The South American traveller’s ultimate getaway

Looking for somewhere to break up that epic South America road trip and put your feet up awhile? I found it.

After crossing the border from Peru into Bolivia and reaching the tacky ‘resort’ of Copacabana on the shores of Lake Titicaca, we decided to head straight out into the middle of this, the world’s highest navigable body of water and spend the night there – why not? Isla del Sol (Island of the Sun) is a three-hour boat ride out into the lake and with basic amenities, no cars, and barely electricity, is a little getaway from modern life, and indeed, life on the road.

This is what happened…

We took the boat that’s run by a sailors’ association from Copacabana’s waterfront. A small, rickety wooden boat with narrow bench seats didn’t make very comfortable travelling for the three-hour journey, but seeing the snow-caps of distant Andean mountains were a great distraction and a reminder of just how high up in the air we were, despite being in a boat on water…

The tips of the Cordillera Real as seen from a boat on Lake Titicacaca

The tips of the Cordillera Real mountain range as seen from the boat on Lake Titicaca

Traditionally dressed local mother and daughter on their commute back to Isla del Sol from the mainland

Mother and daughter on their commute back to Isla del Sol from the mainland, wearing the multi-tiered skirts and bowler hats that are long-standing traditions in the Andes

As we neared Isla del Sol, some discussion and confusion broke out among us foreign passengers as to where the boat was stopping first – the south or north of the island. We didn’t really know which one we’d prefer, so when the boat stopped at the south – or was it the north? – and most tourists got off, we decided to wing it to the north – or south – no idea what to expect there.

When the boat docked in Challapampa, the main settlement in the south/north, a girl in an ill-fitting wine-coloured velveteen dress was lazily hanging around the end of the wooden jetty. As we approached she gently spoke, “Habitacion?” We looked around, and with just a few up-turned boats on the sand backed by basic buildings, we agreed to be led by the girl.

We followed her along a sand path between the ramshackle buildings and must’ve crossed a narrow peninsula as now we saw the water again – from a beautiful sandy bay. We walked onto the beach and turned into her family’s guesthouse that was sitting right in the middle of the sand.

Basic, it was, but this was our view for a mere Bs.40 (around £2):

View of Lake Titicaca from Isla del Sol guesthouse

The window with the best view ever? Certainly a strong contender

We explored the town and found that a couple of the buildings served food – one in particular suddenly filled with travellers that night, all enjoying the set menu of vegetable soup, lake-fresh trout with rice, and coca tea. At dusk we strolled along the bays and were struck by the ethereal landscape in the light of the full moon.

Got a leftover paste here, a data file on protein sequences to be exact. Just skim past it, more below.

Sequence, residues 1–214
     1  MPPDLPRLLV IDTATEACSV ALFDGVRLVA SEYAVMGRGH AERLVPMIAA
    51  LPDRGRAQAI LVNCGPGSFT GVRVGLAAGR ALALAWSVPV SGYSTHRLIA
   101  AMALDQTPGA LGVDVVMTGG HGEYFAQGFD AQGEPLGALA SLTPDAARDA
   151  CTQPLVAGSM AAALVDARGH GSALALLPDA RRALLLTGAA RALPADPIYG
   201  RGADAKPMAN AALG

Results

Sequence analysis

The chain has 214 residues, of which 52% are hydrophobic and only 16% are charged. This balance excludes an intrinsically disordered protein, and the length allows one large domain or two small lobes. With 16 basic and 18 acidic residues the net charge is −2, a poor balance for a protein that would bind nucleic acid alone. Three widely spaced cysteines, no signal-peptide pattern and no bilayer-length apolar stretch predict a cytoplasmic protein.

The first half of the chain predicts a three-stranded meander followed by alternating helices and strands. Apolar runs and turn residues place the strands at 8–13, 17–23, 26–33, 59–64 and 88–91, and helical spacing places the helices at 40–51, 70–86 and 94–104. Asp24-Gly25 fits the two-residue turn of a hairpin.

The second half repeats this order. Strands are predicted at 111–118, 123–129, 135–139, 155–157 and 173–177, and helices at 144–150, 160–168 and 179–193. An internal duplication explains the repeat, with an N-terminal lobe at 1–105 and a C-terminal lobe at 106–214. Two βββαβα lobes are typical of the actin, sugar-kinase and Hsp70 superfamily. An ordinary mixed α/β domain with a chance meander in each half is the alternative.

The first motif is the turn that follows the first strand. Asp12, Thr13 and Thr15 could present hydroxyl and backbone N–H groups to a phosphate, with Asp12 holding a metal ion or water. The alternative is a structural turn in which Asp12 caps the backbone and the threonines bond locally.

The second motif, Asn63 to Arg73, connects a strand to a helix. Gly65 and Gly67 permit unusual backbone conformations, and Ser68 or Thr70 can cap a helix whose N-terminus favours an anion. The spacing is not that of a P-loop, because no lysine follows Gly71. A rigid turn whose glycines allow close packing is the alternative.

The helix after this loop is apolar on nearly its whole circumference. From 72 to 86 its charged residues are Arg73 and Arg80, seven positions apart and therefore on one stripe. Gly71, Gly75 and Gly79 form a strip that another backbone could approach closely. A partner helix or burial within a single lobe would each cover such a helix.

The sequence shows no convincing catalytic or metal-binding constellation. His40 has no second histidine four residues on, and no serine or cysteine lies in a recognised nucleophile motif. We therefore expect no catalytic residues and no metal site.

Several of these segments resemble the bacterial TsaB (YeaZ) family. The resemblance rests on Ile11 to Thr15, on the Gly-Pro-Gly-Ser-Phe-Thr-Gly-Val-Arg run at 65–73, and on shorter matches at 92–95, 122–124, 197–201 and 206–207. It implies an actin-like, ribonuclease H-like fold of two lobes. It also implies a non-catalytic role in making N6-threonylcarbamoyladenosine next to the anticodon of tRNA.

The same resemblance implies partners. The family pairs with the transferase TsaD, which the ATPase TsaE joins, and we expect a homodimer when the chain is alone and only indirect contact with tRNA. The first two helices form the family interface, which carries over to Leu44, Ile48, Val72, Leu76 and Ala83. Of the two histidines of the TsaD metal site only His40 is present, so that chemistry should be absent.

Full moon over the boats moored off Ch'allampa

Full moon over the boats moored off Challapampa and the distant Cordillera Real

Sunset over Lake Titicaca, from Isla del Sol (Island of the Sun), Bolivia

Sunset at 12,500ft. Note the crops growing on the beach – every bit of land is used productively in these parts

The next morning, this was what I saw – as you can imagine, I couldn’t wait to get up and enjoy the beach…

Beach on Isla del Sol's northern end, Lake Titicaca

The beach in all its glory

It only took a few steps to stroll out through the gate to our guesthouse and we were on the sand.

Guesthouse on Isla del Sol, Lake Titicaca, Bolivia

The gates from our guesthouse straight onto the sand

The water looked tantalising, but surely at over 12,500ft (3800m) high in the Andes, it’s going to be freezing? No – it was the perfect temperature – refreshing for dips in-between sunbathing.

Rachel in Lake Titicaca

It’s not a bad life

The pigs were enjoying it too (it’s easy to forget that to the residents of Challapampa, this isn’t a beach, it’s common land for grazing their animals).

Pigs on the beach, Isla del Sol, Lake Titicaca, Bolivia

Pigs on the beach – what else?

My companion turned and said to me, “Everything we’ve done until now has led us here, so even the mistakes were worth it.”

Sailing away from Isla del Sol

Breaking on of my travel rules – looking back over my shoulder as we sail away from Challapampa and back to ‘reality’.

Why you should just do it

I had put it off for years. I had made it into a bigger monster than it needed to be. I had missed out doing it in such amazing locations as Ha Long Bay in Vietnam and Koh Phi Phi in Thailand. Then finally, at the age of 28, after a long, frustrated summer spent in the Greek Islands, I got back to London and marched myself into the local leisure centre and did it. I signed up to swimming lessons.

Searching for inspiration on Serifos